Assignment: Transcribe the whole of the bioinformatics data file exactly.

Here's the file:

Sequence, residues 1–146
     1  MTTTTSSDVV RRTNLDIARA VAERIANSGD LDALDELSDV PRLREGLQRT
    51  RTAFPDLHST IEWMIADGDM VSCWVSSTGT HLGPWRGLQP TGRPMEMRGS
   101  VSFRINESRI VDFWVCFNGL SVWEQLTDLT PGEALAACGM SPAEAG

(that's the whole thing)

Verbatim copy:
Sequence, residues 1–146
     1  MTTTTSSDVV RRTNLDIARA VAERIANSGD LDALDELSDV PRLREGLQRT
    51  RTAFPDLHST IEWMIADGDM VSCWVSSTGT HLGPWRGLQP TGRPMEMRGS
   101  VSFRINESRI VDFWVCFNGL SVWEQLTDLT PGEALAACGM SPAEAG